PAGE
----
3. The Role of Diet in ADHD - Macronutrients

Module 3 will provide an in-depth examination of micronutrients that research has confirmed to be strongly associated with ADHD, with a special emphasis on trace metals.  Environmental and dietary sources of lead and copper, both of which are significantly correlated with ADHD presentations, will be reviewed, and the mechanisms by which they precipitate neurologic dysfunction will be elucidated.  Obstacles to the quantification of trace metal and trace mineral status will support a rationale for the inclusion of hair analysis in integrative assessment protocols, and orthomolecular strategies for balancing copper and zinc to alleviate ADHD symptoms will be presented.  Dr. Greenblatt will then review phosphorus, magnesium, iron, and lithium, micronutrients which can significantly impact therapeutic trajectories and which, therefore, occupy significant places in the Plus/Minus plan.  Guidelines for testing, recommendations for supplementation and augmentation, and specific clinical pearls will be provided, with an emphasis on the practical ramifications of biochemical individuality in the treatment of this complex, multifactorial disorder.  The module will conclude with a thoughtful examination of benefits associated with moving ‘beyond biochemistry,’ and a discussion about why it is so important that we not only instruct our ADHD patients… but also listen to them.


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Learning Objectives:

Upon completion of this course, registrants will be able to:

  • Substantiate a neurobiological model of ADHD by elucidating specific biologic and environmental factors associated with ADHD pathogenesis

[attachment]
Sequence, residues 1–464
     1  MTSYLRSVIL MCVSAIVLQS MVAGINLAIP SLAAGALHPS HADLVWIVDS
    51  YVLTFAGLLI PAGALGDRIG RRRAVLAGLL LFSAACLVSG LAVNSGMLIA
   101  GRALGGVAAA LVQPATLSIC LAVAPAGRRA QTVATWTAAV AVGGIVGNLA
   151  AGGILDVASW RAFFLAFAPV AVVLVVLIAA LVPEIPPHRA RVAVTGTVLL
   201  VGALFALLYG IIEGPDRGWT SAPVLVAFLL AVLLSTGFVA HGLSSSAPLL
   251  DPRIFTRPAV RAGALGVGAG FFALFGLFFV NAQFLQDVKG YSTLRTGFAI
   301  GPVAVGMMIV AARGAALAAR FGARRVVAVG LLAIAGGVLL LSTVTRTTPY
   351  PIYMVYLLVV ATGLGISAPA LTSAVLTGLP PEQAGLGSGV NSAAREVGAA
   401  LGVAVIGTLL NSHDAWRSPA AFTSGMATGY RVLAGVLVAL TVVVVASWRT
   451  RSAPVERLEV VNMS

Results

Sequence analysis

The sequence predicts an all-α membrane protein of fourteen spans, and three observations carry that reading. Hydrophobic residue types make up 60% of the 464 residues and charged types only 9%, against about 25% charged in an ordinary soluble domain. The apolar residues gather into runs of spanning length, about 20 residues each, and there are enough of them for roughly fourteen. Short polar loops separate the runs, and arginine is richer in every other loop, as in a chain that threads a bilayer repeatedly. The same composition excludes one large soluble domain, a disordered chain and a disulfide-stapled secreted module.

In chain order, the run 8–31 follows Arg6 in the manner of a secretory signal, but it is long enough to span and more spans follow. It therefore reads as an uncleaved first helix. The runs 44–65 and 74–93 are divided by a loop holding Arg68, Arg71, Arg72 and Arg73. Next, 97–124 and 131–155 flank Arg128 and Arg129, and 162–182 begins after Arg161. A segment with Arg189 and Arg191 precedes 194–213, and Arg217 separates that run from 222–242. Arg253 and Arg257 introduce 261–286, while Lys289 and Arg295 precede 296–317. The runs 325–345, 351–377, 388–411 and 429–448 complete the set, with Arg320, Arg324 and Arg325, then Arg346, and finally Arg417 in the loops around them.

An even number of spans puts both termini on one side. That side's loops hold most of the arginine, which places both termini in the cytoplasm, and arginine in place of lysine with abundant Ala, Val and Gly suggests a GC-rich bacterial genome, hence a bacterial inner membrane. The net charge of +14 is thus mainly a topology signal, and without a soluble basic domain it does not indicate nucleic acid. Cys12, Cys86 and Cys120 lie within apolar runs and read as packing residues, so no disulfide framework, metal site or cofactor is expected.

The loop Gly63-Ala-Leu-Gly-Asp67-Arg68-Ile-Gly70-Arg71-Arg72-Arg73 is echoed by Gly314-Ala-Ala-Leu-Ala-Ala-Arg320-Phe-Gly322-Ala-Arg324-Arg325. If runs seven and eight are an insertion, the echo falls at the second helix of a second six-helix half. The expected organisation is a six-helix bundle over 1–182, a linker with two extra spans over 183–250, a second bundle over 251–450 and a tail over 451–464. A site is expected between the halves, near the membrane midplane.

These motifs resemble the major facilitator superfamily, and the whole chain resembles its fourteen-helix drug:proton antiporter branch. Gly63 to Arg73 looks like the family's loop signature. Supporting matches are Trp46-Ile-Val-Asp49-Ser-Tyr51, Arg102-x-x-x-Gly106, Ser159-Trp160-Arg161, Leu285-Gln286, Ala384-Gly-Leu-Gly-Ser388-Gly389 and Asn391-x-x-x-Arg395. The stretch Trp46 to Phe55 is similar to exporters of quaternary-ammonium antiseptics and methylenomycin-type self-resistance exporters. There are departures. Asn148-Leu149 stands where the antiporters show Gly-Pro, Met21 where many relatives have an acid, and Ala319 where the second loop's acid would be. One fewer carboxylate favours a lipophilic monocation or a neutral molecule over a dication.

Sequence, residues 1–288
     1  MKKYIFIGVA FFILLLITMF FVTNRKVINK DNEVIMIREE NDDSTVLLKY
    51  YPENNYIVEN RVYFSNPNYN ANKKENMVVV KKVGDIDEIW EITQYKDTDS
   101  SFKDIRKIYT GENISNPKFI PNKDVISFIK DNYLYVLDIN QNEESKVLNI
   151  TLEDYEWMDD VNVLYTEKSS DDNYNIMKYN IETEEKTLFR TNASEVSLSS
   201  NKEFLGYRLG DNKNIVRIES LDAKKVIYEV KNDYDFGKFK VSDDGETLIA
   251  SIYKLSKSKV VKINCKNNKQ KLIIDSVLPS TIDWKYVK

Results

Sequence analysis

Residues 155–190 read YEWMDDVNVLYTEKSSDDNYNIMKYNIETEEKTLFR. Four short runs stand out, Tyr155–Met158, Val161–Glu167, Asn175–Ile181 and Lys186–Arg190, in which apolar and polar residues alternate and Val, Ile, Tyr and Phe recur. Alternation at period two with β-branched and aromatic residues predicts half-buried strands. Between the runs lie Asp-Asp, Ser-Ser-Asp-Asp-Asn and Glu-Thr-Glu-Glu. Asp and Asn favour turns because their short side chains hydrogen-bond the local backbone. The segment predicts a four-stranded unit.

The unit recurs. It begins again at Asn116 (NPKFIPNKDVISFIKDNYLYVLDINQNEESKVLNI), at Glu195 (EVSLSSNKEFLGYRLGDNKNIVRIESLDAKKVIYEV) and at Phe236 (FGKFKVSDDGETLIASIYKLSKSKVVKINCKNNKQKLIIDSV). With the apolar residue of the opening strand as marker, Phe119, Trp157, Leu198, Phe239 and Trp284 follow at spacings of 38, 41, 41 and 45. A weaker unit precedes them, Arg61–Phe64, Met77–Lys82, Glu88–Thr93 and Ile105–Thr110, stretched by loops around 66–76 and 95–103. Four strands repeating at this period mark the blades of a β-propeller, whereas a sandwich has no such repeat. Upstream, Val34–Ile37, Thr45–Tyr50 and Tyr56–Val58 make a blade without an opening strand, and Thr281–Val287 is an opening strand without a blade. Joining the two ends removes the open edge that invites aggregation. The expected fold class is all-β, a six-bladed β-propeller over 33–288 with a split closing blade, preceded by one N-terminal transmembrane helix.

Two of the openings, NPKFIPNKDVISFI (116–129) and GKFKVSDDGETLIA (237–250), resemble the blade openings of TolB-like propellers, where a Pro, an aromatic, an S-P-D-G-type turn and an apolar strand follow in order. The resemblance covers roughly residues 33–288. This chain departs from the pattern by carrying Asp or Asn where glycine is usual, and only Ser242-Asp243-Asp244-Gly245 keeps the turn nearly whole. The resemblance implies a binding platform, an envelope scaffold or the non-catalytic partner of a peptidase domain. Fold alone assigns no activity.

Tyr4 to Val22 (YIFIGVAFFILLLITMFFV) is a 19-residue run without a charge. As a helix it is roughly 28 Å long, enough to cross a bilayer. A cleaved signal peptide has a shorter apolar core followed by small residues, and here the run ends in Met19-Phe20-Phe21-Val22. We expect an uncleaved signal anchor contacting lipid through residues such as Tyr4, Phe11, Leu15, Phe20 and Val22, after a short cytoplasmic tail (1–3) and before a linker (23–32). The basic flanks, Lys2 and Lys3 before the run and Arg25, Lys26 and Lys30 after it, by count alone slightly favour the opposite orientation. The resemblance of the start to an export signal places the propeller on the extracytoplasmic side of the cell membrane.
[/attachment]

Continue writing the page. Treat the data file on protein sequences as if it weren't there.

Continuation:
• Explain why a functional, actionable understanding as to the role of nutrition in health is not ‘alternative medicine’
  • Elaborate on the empirically supported relationship between diet and ADHD risk
  • Elucidate the acute and chronic effects of refined sugar consumption, and explain how these effects relate to behavior
  • Elucidate the mechanisms through which cholesterol and essential fatty acids influence neurotransmission
  • Explain why dietary intake is not always a reliable indicator of serum cholesterol / lipid levels
  • Explain why dietary intake is not always a reliable indicator of amino acid levels
  • Identify intrinsic and environmental factors that can contribute to an amino acid deficiency
  • Describe the clinical significance of results from tryptophan depletion studies as they relate to ADHD
  • Elucidate the role of vitamin D in serotonergic pathways, and explain why achieving vitamin D repletion is essential for achieving success with other ADHD interventions
  • Describe the clinical significance of increased [EEG] theta wave activity, decreased beta wave activity, and an increased theta:beta ratio
  • Elucidate the mechanisms through which OPCs can benefit ADHD patients
  • Identify trace metals that should be tested in any child presenting with ADHD-type symptoms, and explain the rationale for doing so according to a functional medicine model
  • Explain the functional relationship between copper and zinc, and the neurologic ramifications of an abnormal Cu:Zn ratio.
  • Elucidate the role of zinc in neurotransmitter synthesis, digestive enzyme synthesis, and melatonin synthesis
  • Explain why clinical symptoms may be more reliable than blood levels as indictors of a patient’s magnesium status
  • Identify behavioral manifestations associated with lithium deficiency
  • Explain why broad-spectrum micronutrient formulations may not be ideal for ADHD patients
  • Elaborate on the potential long-term consequences of un-treated ADHD
  • Substantiate the benefits associated with incorporating exercise into integrative treatments for ADHD